New Hefner Palimony Price: $35 Million

Posted: February 26, 1988

Carrie Leigh fired another salvo at Hugh Hefner in her palimony suit against him by upping the ante from $5 million to $35 million, according to papers filed Wednesday in Los Angeles Superior Court. The Canadian model said she was amending the suit "to dissuade (Hefner) from maintaining his long- enjoyed practice of seducing teenaged girls, supporting them for a few years and then discarding them." Leigh's lawyer, Marvin Mitchelson, also took the occasion to deny Hefner's claim that his client has a longstanding problem with alcohol. "She has no drinking problem now that I know of," he said. ''She doesn't have any problems he doesn't have or hasn't had more of." Of the latest development, Hefner's lawyer said: "It is an effort to generate additional, unending publicity." Nooo!

GIVING THE MAN HIS DUE

Seminal rock figure Chuck Berry was given a lifetime achievement award at Wednesday's Berlin Film Festival screening of the biographical concert film Chuck Berry: Hail! Hail! Rock 'n' Roll. "I don't consider myself a legend," said Berry, 62. "I always thought a legend was a dead person who was praised." About performing, he added: "As you get older, you find out what's better to do. Over the last 10 years, the dancing in my shows has diminished, but the presence has developed. . . . There's a special sense that I think I have as a performer. I know when I have to change the pace, when I see the audience looking tired."

IT'S ALL IN THE TIMING

The Jimmy Swaggart scandal has had one positive effect - ticket sales have picked up appreciably at Ford's Theater in Washington, where a musical version of Sinclair Lewis' Elmer Gantry is holding forth through May. On Tuesday, the theater recorded the highest one-day advance sale in its history - $26,727.

Casey Biggs, who plays the title role of the fraudulent evangelist, said that since the Swaggart mess broke, he has noted that audiences respond knowingly when he sings such lines as, "When I say hell, I know it well; It's a place where I used to dwell," and tells of "painted women with silken skin" that Gantry's known. The show has received reviews in D.C. and is expected to land on Broadway.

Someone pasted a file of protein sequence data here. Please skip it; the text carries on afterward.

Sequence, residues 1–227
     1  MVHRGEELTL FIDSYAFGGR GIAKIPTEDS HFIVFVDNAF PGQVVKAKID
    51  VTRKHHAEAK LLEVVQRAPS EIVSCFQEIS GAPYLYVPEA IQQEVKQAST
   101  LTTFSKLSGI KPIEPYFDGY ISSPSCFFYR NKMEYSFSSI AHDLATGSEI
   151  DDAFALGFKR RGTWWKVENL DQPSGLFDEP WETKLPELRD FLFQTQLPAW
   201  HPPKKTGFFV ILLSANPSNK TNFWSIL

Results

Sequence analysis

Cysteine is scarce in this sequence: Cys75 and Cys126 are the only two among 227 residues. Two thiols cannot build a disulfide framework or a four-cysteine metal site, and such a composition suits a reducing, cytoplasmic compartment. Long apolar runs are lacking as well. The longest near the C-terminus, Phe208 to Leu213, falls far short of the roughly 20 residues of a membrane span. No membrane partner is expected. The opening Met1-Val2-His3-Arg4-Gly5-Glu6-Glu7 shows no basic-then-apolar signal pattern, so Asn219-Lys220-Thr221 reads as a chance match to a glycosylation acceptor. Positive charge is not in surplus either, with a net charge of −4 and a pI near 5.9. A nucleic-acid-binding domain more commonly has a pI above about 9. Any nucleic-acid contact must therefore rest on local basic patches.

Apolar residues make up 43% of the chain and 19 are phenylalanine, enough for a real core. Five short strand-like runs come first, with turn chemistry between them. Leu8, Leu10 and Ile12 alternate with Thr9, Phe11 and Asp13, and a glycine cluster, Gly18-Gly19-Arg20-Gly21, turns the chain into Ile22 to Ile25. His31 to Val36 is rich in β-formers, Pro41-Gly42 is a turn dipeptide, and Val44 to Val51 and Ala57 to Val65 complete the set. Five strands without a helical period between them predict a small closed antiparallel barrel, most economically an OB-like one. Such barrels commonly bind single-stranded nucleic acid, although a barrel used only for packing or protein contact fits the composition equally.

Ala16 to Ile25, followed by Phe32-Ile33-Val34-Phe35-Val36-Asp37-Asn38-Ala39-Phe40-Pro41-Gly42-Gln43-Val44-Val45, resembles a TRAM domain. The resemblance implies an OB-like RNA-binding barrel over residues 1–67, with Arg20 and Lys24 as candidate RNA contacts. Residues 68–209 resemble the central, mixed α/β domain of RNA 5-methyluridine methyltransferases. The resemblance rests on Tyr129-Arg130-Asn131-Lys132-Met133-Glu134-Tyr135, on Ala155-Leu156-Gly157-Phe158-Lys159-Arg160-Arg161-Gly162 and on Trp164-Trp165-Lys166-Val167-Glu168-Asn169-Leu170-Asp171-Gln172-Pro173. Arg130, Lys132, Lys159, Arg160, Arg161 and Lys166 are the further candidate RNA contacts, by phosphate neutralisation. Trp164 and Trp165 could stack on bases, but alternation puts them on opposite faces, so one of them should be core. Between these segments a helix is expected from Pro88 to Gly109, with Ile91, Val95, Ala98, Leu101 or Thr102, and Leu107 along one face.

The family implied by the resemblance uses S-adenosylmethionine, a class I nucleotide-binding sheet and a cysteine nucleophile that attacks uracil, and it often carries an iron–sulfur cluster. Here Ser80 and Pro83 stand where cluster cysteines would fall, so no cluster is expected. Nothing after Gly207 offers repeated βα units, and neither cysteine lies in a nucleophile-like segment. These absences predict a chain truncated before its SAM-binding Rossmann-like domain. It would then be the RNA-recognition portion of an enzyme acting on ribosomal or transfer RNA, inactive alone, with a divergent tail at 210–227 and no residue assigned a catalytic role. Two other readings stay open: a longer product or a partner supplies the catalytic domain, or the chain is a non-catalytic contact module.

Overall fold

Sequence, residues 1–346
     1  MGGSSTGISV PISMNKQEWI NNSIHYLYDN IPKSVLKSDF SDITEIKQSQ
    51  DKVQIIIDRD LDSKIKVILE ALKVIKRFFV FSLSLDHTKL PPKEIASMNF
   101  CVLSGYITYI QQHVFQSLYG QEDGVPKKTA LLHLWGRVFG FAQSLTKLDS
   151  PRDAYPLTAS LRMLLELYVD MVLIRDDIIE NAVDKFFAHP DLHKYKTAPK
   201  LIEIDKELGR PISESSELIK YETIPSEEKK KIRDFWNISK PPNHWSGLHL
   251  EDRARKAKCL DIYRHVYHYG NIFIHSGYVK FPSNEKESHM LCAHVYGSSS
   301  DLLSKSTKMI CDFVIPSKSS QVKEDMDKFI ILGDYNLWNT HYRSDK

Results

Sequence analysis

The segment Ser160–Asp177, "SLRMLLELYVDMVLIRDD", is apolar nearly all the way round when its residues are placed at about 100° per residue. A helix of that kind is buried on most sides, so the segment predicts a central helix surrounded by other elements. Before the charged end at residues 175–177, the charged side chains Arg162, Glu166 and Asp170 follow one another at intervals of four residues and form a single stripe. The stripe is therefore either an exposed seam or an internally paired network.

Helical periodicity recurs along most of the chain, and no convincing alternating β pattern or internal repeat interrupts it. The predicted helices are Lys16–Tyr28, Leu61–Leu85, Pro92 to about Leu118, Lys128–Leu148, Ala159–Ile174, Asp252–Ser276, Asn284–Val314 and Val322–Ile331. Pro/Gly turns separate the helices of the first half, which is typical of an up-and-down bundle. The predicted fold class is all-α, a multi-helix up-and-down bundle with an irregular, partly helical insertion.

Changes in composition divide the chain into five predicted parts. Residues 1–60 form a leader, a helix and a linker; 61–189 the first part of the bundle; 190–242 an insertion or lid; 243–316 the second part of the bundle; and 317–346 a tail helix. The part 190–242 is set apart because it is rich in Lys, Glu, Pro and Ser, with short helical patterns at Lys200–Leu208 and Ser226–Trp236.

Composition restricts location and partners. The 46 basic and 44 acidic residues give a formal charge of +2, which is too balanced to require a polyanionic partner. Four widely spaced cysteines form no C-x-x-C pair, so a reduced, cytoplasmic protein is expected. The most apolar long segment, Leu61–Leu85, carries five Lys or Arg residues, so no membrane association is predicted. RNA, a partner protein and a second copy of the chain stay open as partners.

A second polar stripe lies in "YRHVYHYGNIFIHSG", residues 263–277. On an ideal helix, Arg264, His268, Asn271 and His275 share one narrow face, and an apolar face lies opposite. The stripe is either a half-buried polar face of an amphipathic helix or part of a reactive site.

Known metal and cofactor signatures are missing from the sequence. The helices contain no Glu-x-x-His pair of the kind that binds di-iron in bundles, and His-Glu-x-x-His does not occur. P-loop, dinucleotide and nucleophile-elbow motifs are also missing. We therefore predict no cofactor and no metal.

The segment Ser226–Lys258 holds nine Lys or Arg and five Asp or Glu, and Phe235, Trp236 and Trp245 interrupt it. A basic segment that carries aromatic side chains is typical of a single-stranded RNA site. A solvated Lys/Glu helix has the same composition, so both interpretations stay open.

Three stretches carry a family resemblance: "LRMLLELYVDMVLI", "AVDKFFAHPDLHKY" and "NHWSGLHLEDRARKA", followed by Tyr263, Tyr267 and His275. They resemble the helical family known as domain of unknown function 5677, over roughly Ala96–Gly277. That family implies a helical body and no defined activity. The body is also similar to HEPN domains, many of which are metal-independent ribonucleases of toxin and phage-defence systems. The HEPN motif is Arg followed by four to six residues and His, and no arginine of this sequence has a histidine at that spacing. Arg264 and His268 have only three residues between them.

MAYBE NEXT SUMMER

A production by a major Soviet theatrical company has been dropped from the schedule of the Pepsico Summerfare festival in Purchase, N.Y., and an official of the National Theater of Great Britain says it's because Vanessa Redgrave was to take part in the Mayakovsky Theater's presentation as a translator. Redgrave, who wasn't available for comment, has long pressed a case against the Boston Symphony, which canceled a 1982 appearance by her in the wake of protests of her support of the Palestine Liberation Organization. Last fall, a federal appeals court ruled the orchestra violated her civil rights with its action. Christopher Hunt, who heads Summerfare, said the Soviet company was dropped for budgetary reasons. However, Thelma Holt, director of touring for the National Theater of Great Britain, which has hosted the Mayakovsky with Redgrave in London, said Hunt wired her two weeks ago, citing several reasons for the cancellation, including security problems and a threat to block the production by an unidentified group.

YEAH, THAT'S THE TICKET

Bruce Springsteen, who opened his "Tunnel of Love Express" tour last night at the Worcester Centrum in Massachusetts, spent part of Wednesday greeting fans and signing autographs outside the Four Seasons Hotel in Boston. The rocker promised them that his first tour in 2 1/2 years would have surprises - "plenty of them," he said. But Springsteen got a surprise of his own when he returned to his van, which had been ticketed for parking too close to a fire hydrant. "Hey, I've got my own boss to answer to," said meter maid Kecia Grant.

CASTING CALLS

If you've got a kid who looks like one of the old Mouseketeers - you know, Annette Funicello, Darlene Gillespie, Tommy Cole - get him or her up to Manhattan's Radio City Music Hall on March 5, when auditions will be held to cast a Disney movie on the making of the 1950s kids' show. If you can't make it to New York, send photos to Disney Studios, 500 S. Buena Vista, Burbank, Calif. 91521. If you head north, be sure the kid can sing and dance and has cassette accompaniment. "You haven't lived until you've heard 'Tomorrow' 500 times in one day," moaned casting director Matt Casella.

Also, producer Aaron Spelling and Fox Broadcasting Co. will be casting about the nation next month for four unknown actresses to star in a new Charlie's Angels TV series. Auditions in New York will be at Fox headquarters March 21. Channel 29 may hold auditions in two weeks, but as of yesterday, a decision hadn't been made.

AH, REDEMPTION!

Oleg Cassini's debut as a pro harness-racing driver Wednesday at New Jersey's Freehold Raceway was a bust. He finished last in one race, fell off his sulky in another and was told by a doctor his blood pressure was too high to race in a third. "I was fearful today as I am fearful when I open a collection," said the fashion designer, who is 74. But he rallied yesterday when he came back to ride 10-1 shot Hi Po Bay Mist to a wire-to-wire win. It paid $22.20.

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